An "I" grade received during the fall semester must be completed by the end of the following spring semester. An "I" grade received during either the spring semester or summer session must be completed by the end of the following fall semester. Extension is granted by the instructor only in those instances where completion of the required work is not possible due to circumstances beyond the student's control. The time limit for extensions may not exceed the equivalent of an additional semester, with the following exception: At the graduate level, extensions may be granted for up to two years for the completion of the required culminating experience.
Certain courses are by design not finished in one semester. For such courses, a "PR" grade is recorded instead of an "I" grade. The "PR" is changed to a letter grade upon completion of the course.
The PR designation may remain on the transcript for a maximum of two semesters, unless the instructor designates a shorter time period. At the end of the second semester or at the instructor-designated deadline, the "PR" grade is automatically changed to an "I."
It is the student's responsibility to initiate discussion with the instructor during the semester in which the "I" appears on the transcript to determine what is needed to complete the course. One semester after the "I" grade is posted, the registrar will automatically record an "E," unless the instructor submits an extension or another grade. A "PR" grade must be cleared from any course listed on the Plan of Study before the student can graduate. A student may not register for a second time for a course for which a "PR" grade is currently on record.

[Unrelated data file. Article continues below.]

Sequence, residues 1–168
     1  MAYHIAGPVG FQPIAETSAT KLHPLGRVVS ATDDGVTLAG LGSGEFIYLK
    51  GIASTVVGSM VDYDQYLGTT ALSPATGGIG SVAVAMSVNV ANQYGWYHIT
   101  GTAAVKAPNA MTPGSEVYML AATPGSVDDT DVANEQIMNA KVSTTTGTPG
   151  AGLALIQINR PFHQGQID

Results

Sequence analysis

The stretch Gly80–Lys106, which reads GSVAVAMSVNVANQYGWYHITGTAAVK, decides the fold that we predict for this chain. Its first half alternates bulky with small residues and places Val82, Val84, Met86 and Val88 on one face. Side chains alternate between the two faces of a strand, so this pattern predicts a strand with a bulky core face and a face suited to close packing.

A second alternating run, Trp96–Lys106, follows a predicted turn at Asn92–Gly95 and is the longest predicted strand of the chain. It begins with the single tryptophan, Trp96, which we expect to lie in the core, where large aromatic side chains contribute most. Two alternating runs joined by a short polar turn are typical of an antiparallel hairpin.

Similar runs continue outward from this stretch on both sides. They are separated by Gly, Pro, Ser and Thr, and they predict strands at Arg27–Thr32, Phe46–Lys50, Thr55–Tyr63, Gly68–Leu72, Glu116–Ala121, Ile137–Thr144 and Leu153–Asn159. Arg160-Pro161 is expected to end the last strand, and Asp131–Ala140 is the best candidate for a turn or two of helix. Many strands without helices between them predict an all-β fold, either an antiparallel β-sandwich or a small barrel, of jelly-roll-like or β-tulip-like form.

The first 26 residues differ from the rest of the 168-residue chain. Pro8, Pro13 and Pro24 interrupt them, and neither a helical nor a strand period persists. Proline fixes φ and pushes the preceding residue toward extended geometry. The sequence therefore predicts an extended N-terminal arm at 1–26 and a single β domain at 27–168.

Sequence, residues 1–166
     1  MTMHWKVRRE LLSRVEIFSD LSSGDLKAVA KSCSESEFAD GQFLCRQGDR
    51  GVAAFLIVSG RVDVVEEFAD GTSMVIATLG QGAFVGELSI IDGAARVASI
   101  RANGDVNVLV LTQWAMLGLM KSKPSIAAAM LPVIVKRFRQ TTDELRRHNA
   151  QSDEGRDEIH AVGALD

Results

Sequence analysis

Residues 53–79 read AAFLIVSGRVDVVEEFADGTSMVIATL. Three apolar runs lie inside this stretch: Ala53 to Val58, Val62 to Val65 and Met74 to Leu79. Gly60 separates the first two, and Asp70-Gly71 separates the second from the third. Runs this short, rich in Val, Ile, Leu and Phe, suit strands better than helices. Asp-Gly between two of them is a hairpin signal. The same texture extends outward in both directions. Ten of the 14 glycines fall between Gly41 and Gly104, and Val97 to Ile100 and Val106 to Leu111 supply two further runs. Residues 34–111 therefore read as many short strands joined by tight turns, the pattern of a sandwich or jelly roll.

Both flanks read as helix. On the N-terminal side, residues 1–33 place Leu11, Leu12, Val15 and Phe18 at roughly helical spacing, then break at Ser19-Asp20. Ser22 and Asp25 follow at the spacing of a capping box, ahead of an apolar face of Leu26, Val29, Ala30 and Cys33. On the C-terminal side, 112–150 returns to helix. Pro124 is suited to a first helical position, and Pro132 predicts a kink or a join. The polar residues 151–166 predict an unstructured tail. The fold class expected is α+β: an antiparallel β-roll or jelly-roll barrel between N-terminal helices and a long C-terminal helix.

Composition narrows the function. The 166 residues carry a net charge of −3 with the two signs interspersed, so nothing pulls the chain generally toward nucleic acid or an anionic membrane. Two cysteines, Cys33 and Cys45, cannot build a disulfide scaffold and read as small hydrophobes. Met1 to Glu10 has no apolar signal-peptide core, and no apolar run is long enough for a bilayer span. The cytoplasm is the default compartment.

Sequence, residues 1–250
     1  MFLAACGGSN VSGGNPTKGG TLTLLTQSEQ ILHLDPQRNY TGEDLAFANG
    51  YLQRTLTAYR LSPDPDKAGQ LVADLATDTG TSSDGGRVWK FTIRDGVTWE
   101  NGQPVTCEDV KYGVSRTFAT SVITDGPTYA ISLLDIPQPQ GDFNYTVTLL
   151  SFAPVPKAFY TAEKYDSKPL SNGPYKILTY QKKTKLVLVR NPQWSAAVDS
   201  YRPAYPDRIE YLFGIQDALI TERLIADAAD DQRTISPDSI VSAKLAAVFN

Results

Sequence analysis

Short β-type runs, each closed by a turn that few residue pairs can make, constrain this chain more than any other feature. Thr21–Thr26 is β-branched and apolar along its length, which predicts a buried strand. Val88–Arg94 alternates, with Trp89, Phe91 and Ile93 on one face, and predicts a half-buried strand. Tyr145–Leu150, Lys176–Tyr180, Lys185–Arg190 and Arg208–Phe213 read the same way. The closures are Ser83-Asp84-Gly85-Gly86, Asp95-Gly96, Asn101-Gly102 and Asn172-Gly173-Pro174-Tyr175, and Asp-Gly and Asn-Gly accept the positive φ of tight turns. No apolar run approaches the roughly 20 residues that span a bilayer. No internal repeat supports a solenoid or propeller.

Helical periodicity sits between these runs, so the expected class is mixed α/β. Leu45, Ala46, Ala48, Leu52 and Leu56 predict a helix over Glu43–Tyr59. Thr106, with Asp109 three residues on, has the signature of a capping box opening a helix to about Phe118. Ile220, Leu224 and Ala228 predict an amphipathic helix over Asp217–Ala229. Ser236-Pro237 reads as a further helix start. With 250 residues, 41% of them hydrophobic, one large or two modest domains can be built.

Unless otherwise prohibited by departmental policy, students are permitted to repeat courses in which they have earned a grade below "B." Only the new grade earned during the most recent repeat of a course will be used in computing a student's cumulative index. Any additional repeats of a course would result in all grades being used to compute the student's cumulative index. All attempted courses remain on the transcript.
Change of Grade
Changing any reported grade is the responsibility of the instructor concerned. To change a grade, the instructor must complete an official form indicating the desired change and the reason for it. Change of Grade Forms are available to faculty members in the Office of Registration and Records. The Change of Grade Form is sent by the course instructor to the department chairperson, then to the appropriate dean and then to the registrar.
Student Grade Appeals
The course instructor is the best-qualified person to evaluate student performance and has the professional right and responsibility to do so. Student grades summarize an instructor's expert evaluation of individual student achievement in a course. To assist students effectively and to avoid misunderstandings, instructors are required to provide clear statements of the objectives and standards of the course and of their grading procedures in the course syllabus or in other materials. This information will be provided at the beginning of the course and the student will be informed as to how well he/she is meeting these objectives during the course. The course instructor is expected to keep grade records and to be available to demonstrate how he/she has determined the student's grade.
Questions and issues about a final course grade are normally settled informally by a discussion between the student and instructor. If such a discussion does not resolve the dispute, the student can choose to file a formal grade appeal.
The Student Grade Appeals policy can be found in Your Right to Know & Academic Policies Handbook. Students should be aware that there are deadlines to be observed in the grade appeals process. In a formal grade appeal, the student will have to prove-1) that a lower final grade resulted because the instructor did not make the grading standards known as required or 2) that the instructor did not fairly apply the announced standards in determining the student's grade.